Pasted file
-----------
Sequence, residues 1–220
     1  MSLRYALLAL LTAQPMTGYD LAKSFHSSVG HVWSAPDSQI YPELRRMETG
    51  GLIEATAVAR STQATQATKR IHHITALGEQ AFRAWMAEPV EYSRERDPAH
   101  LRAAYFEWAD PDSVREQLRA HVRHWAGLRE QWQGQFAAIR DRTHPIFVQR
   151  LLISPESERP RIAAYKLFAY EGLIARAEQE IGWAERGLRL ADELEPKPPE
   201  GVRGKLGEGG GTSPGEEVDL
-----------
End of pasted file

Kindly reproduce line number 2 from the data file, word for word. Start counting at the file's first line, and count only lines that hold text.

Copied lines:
     1  MSLRYALLAL LTAQPMTGYD LAKSFHSSVG HVWSAPDSQI YPELRRMETG